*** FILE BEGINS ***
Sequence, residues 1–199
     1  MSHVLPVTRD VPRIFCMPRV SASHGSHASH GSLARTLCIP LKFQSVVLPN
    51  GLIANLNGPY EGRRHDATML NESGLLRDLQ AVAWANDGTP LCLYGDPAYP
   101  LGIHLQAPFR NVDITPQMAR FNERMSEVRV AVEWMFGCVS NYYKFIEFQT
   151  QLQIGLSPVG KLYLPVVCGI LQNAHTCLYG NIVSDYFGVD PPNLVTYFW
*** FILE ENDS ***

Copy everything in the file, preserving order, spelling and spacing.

Sequence, residues 1–199
     1  MSHVLPVTRD VPRIFCMPRV SASHGSHASH GSLARTLCIP LKFQSVVLPN
    51  GLIANLNGPY EGRRHDATML NESGLLRDLQ AVAWANDGTP LCLYGDPAYP
   101  LGIHLQAPFR NVDITPQMAR FNERMSEVRV AVEWMFGCVS NYYKFIEFQT
   151  QLQIGLSPVG KLYLPVVCGI LQNAHTCLYG NIVSDYFGVD PPNLVTYFW